GP: I’m staring at all your records in here behind you; you guys are always playing awesome music. Is it completely employee-curated? Whatever you feel like listening to at the moment?

Meg: It is. I would say 3/4, maybe 5/6, of what’s here is from my collection. I bring them back and forth from home. Sometimes I buy them and bring them straight here, or other times I bring something in from home and take other ones back to my apartment with me. We posted recently on our Facebook to all of our customers, asking if anyone is handy enough to come build us record shelves. Right now they’re in old wine crates! Totally overflowing.

© Fabian Palencia

GP: So we’ve heard where you like to record shop. What are some other favorite places or things you like about the neighborhood?

Meg: You can find me several nights a week at Alameda. All the bartenders are friendly, and they have great food; I’m a vegetarian, but they have so many good options for both me and my meat-eating friends that we go there a lot. Nick, the chef, is a buddy of mine. Good wine, good vibe, they play fun music, and it’s so pretty in there. Perfect package! I also went to The Bounty recently and loved it; it was great. I really like Five Leaves too – so cozy. In the summer I can bring my dogs there with all the outdoor seating.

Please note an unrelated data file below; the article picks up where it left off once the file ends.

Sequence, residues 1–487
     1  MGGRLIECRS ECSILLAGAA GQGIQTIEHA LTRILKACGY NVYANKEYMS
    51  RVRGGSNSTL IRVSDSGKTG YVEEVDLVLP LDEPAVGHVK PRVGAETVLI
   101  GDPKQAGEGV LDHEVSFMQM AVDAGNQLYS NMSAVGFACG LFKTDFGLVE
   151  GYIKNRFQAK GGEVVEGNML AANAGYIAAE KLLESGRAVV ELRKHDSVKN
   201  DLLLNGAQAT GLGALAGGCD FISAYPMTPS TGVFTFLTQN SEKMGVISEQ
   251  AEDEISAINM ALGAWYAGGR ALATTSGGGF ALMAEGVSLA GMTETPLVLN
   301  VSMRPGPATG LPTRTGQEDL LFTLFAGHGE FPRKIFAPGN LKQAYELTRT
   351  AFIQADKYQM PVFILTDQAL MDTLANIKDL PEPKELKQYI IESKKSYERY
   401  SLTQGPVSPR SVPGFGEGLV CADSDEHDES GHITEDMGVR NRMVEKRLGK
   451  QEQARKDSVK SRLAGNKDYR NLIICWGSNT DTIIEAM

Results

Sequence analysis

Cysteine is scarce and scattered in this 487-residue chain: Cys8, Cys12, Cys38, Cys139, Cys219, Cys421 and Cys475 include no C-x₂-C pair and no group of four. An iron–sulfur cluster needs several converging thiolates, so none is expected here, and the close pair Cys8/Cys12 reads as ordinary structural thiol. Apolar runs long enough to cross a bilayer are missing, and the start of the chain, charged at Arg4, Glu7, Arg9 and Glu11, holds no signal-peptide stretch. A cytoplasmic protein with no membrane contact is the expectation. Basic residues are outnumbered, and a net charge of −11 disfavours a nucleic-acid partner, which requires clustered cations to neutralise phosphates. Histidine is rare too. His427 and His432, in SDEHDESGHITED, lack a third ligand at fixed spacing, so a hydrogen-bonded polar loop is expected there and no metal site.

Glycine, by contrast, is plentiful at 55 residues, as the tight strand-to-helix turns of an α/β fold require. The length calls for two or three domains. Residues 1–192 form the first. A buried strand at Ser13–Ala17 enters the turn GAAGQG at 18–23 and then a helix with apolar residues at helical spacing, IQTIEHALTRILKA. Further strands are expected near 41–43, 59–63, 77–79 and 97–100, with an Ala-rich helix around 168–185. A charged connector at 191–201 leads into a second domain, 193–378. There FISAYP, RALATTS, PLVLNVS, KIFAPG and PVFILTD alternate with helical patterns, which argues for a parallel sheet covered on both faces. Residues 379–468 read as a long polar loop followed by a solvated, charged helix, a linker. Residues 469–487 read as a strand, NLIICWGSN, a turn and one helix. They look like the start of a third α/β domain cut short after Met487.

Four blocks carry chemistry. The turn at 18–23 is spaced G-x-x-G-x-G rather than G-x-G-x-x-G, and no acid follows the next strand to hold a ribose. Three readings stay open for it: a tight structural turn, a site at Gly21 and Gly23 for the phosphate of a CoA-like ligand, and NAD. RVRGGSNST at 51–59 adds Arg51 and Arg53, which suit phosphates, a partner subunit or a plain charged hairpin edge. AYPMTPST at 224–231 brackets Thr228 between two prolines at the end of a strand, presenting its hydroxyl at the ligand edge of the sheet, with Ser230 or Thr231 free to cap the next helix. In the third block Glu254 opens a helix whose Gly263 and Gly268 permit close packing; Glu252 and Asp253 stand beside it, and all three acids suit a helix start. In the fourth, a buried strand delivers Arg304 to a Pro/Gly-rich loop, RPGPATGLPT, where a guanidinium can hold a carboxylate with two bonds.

Before I lived in Greenpoint, I was in the city for two years, and I didn’t make any new friends. I didn’t really think twice about it at the time, but looking back it’s funny to compare that time to now. I lived in far west SoHo, had some college friends in the city, and friends from other parts of my life, but I didn’t make any new lifelong friends. Greenpoint has totally changed that. In the mornings walking down the street here I feel like it’s the beginning of the Disney movie Beauty & The Beast; Belle is walking around just being like, “Bonjour! Bonjour!” as there’s people she knows walking by carrying bread and babies and books. Sometimes I feel like that in Greenpoint!

People here are really open and invested in the community, both emotionally and business-wise. I moved all the time growing up, to a lot of different states, so New York in general is the first place I really got to choose to live on my own, and Greenpoint is the first place that has really felt like home. I’ve really put roots down here, and I feel like I belong.

GP: Can we ask you about some of the women in your life who you look up to?